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I have this series:

$$\sum_{n=1}^\infty\frac{4}{(n+1)(n+2)}$$

and $$\sum_{n=1}^\infty\frac{4}{(n+1)(n+3)}$$

and I would like to know how to analyze, very step-by-step.

thanks

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First, apply partial fractions (if you don't know what that is, learn from Google). –  Ragib Zaman Feb 2 '12 at 14:34
    
Then, write the partial sum from 1 to $n$, and note that most of the terms cancel. –  David Mitra Feb 2 '12 at 14:35
    
I know how to make the partial fractions, I can't understand the next step. everywhere I search is not so easy for me to understand clearly –  Totty Feb 2 '12 at 14:47
    
The first series is in the revised version of the question "How to analyze convergence and sum of a telescopic series? I can't find a generic form" of yours. –  Américo Tavares Feb 2 '12 at 17:26

2 Answers 2

up vote 5 down vote accepted

One way to show convergence of the first series, is to first note that $$ \frac{4}{(n+1)(n+2)} < \frac{4}{(n+1)^2}$$ for all $n$. Then write $$ \sum_{n = 1}^{\infty} \frac{4}{(n+1)^2} = 4\sum_{n=2}^{\infty} \frac{1}{n^2}. $$ Presumably, you already know that the latter series converges, and so you can apply the comparison test, to show that $$ \sum_{n = 1}^{\infty} \frac{4}{(n+1)(n+2)} $$ converges. The other one can be treated in a similar way.

To find the sum, write $$ \frac{1}{(n+1)(n+2)} = \frac{A}{n+1} + \frac{B}{n+2},$$ and solve for $A$ and $B$ (this is called a partial fractions decomposition). Then you should be able to determine the $n$'th partial sum of this series explicitly, and easily evaluate the sum (these types of series will be called telescopic in your textbook, for obvious reasons). The other one can be treated in a similar way, but the computations will be a bit more complicated.

Note: Just realized that the first part of my answer is made redundant by the second, but I'll leave it - it can't hurt to know more than one way of accomplishing something.

Edit: After seeing your comment above, I'll add some more details on the next step too: $$ s_k = \sum_{n = 1}^{k} \frac{4}{(n+1)(n+2)} = 4\sum_{n = 1}^{k} \left( \frac{1}{n+1} - \frac{1}{n+2}\right).$$ Let us look more closely at the second sum $$\sum_{n = 1}^{k} \left( \frac{1}{n+1} - \frac{1}{n+2}\right) = \left( \frac{1}{2} - \frac{1}{3} \right) + \left( \frac{1}{3} - \frac{1}{4} \right) + \left( \frac{1}{4} - \frac{1}{5} \right) + \ldots = \frac{1}{2} - \frac{1}{k+2}.$$

So $s_k = 4(1/2 - 1/(k+2))$ and hence the sum of the series is $s = \lim_{k \to \infty} s_k = 4/2 = 2$.

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+1 for two arguments. A twice-proved theorem is twice as true. –  André Nicolas Feb 2 '12 at 15:19
    
thanks that helped!! :D –  Totty Feb 2 '12 at 15:56

For the second sum, take the terms $4\over (n+1)(n+3)$ and write them in the form $$\tag{1} {4\over (n+1)(n+3)}= {A\over n+1}+{B\over n+3}. $$ We need to figure out what $A$ and $B$ are. Towards that end, multiply both sides of the above by $(n+1)(n+3)$. This gives $$\tag{2} 4=A(n+3)+B(n+1). $$ We're presuming this holds for any value of $n$. If we set $n=-3$, then equation $(2)$ becomes $$ 4=B(-2); $$ which tells us $B=-2$.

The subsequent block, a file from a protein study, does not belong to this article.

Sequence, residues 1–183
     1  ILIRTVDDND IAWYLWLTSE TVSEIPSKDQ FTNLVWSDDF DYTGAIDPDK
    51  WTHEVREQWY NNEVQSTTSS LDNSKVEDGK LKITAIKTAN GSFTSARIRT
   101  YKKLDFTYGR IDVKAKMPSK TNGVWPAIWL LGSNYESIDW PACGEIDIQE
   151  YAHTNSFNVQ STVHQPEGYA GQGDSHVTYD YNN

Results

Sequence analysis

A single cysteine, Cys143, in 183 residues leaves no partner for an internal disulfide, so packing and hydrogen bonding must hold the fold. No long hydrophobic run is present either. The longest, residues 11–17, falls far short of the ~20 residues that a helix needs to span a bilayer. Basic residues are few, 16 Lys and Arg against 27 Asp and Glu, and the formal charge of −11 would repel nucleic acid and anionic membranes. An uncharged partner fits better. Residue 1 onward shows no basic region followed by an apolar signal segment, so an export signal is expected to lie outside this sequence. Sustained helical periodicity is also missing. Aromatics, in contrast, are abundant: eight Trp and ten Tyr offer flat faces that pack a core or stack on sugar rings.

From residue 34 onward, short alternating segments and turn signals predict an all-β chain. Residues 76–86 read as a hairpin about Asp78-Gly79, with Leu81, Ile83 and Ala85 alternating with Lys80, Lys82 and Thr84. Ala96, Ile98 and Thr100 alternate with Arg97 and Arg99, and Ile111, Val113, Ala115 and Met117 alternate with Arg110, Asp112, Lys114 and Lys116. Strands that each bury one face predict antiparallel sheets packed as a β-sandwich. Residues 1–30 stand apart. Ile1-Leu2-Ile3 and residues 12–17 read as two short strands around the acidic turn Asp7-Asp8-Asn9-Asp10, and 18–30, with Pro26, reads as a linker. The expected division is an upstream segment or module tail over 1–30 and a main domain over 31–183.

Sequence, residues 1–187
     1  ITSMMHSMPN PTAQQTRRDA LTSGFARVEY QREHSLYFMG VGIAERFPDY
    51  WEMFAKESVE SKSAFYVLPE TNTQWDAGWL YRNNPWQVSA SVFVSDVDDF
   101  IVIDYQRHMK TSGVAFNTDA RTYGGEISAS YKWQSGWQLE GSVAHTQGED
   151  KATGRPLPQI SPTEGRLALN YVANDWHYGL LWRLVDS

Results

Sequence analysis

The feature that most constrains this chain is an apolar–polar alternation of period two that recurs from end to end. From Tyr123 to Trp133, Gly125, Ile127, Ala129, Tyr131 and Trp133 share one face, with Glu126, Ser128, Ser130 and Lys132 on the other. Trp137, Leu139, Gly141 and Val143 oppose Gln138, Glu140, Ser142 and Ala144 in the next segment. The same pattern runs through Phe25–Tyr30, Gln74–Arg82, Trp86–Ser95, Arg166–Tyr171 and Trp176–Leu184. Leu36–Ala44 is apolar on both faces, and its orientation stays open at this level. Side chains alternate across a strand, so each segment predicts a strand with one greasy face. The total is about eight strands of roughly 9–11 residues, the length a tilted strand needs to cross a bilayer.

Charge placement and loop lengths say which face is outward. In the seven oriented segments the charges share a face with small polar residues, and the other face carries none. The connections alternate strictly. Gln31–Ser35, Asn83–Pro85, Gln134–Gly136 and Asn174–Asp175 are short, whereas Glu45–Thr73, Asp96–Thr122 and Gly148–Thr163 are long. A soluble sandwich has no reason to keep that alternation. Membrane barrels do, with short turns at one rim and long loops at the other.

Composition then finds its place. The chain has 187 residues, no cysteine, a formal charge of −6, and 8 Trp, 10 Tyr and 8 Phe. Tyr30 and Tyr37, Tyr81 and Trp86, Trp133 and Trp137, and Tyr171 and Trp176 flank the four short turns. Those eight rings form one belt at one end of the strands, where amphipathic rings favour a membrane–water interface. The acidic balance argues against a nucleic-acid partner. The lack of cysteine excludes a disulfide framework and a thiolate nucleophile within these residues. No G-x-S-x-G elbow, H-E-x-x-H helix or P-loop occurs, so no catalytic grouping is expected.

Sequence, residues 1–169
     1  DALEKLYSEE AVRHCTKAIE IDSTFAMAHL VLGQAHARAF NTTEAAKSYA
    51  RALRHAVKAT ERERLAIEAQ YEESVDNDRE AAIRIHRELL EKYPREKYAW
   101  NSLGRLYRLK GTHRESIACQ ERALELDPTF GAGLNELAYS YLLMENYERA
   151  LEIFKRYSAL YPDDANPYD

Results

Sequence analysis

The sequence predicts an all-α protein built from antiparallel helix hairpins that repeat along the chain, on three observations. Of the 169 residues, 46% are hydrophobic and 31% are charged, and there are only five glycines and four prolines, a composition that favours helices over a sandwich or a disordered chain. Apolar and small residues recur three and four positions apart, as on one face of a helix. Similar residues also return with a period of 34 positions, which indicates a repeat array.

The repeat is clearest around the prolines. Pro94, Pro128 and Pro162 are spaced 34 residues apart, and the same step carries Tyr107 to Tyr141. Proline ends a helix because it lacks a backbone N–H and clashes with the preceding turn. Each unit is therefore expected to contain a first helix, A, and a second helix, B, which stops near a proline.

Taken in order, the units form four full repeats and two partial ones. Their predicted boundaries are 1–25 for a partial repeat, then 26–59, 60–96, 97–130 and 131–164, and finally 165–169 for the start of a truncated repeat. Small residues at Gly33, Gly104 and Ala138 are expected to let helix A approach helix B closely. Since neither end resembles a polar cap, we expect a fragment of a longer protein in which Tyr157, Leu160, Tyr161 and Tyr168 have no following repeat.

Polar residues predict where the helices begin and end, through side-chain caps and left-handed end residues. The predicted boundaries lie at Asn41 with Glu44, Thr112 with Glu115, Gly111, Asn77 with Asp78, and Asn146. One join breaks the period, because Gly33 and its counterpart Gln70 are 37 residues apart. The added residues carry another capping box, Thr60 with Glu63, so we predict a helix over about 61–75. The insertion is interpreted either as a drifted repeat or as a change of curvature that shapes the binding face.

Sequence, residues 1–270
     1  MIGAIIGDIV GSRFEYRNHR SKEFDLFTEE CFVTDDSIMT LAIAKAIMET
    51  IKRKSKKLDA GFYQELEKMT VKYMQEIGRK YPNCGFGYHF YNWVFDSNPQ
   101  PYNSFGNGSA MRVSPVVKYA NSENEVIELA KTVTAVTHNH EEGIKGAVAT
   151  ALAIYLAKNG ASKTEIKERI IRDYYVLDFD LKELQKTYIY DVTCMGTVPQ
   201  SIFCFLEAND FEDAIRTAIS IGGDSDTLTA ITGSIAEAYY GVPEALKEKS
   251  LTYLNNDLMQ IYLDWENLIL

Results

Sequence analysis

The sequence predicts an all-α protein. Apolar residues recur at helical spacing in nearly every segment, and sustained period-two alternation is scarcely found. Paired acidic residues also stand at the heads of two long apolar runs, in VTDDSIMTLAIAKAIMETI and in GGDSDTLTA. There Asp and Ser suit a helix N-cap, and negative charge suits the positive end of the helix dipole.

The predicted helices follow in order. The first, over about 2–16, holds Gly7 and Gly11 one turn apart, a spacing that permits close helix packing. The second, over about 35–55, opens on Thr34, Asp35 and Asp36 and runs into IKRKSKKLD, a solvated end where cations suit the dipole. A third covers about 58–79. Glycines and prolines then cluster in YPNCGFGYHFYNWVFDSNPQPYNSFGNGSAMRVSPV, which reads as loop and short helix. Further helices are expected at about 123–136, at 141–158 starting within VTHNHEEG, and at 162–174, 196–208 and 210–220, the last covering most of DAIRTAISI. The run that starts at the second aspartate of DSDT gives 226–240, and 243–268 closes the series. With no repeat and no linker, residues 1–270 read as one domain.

Similarly, if we set $n=-1$ in equation $(2)$, we obtain $A=2$.

Thus, substituting these found values of $A$ and $B$ into equation $(1)$, we have $$\tag{3} {4\over (n+1)(n+3)}= {2\over n+1}-{2\over n+3}. $$

The second sum in your question can then be written as $$ \sum_{n=1}^\infty {4\over (n+1)(n+3)}= \sum_{n=1}^\infty \biggl( {2\over n+1}-{2\over n+3}\biggr). $$

Now, the infinite sum $\sum\limits_{n=1}^\infty a_n $ converges if and only if the sequence of partials sums $\{S_m\}$ defined by $S_m=\sum\limits_{n=1}^m a_n $ converges. In this case, we have $$ \sum\limits_{n=1}^\infty a_n = \lim_{m\rightarrow\infty}\sum\limits_{n=1}^m a_n. $$

Let's examine the $m^{\rm th}$ partial sum of our series. We explicitly write it out: $$ \eqalign{ \textstyle \sum\limits_{n=1}^m \Bigl[{2 \over n+1}\!\!-\!\! {2 \over n+3}\Bigr] &\!\! = \!\! \textstyle \Bigl[ ( \color{orange}{2\over 2} \!\! -\!\! \color{maroon}{2\over4} ) \!\! +\!\! (\color{orange} {2\over3}\!\! -\!\! \color{darkgreen}{2\over5} ) \!\! +\!\! (\color{maroon}{2\over4}\!\! - \!\! {2\over6})\!\! +\!\! (\color{darkgreen}{2\over5}\!\! - \!\! {2\over7})\!\! +\!\! \cdots \!\! + \!\! ({2\over (m-1)+1}\!\! -\!\! \color{pink}{2\over (m-1)+3} ) \!\! +\!\! ({2\over m+1}\!\! -\!\! \color{pink}{2\over m+3} ) \Bigr]\cr } $$ Note that the right most term in one of the parenthetical expressions cancels with the leftmost term of the second following parenthetical expression. After canceling everything, the only terms that survive are the $\color{orange}{\text{ leftmost terms of the first two parenthetical expressions}}$ and the $\color{pink}{\text{ rightmost terms of the last two parenthetical expressions}}$.

So $$ \eqalign{ \sum\limits_{n=1}^m \Bigl[{2 \over n+1}- {2 \over n+3}\Bigr] &= {1}+{2\over3}- {2\over (m-1)+3} -{2\over m+3} } $$

Now, taking the limit as $m\rightarrow\infty$ $$\lim_{m\rightarrow\infty} \sum\limits_{n=1}^m \Bigl[{2 \over n+1}- {2 \over n+3}\Bigr] =\lim_{m\rightarrow\infty}\Bigl[ 1+{2\over3}- {2\over (m-1)+3} -{2\over m+3}\Bigr] =1+{2\over3}. $$

It follows that $\sum\limits_{n=1}^\infty {4\over (n+1)(n+3)}=1+{2\over3}$.

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thanks this has helped me already.. (: –  Totty Feb 2 '12 at 15:56

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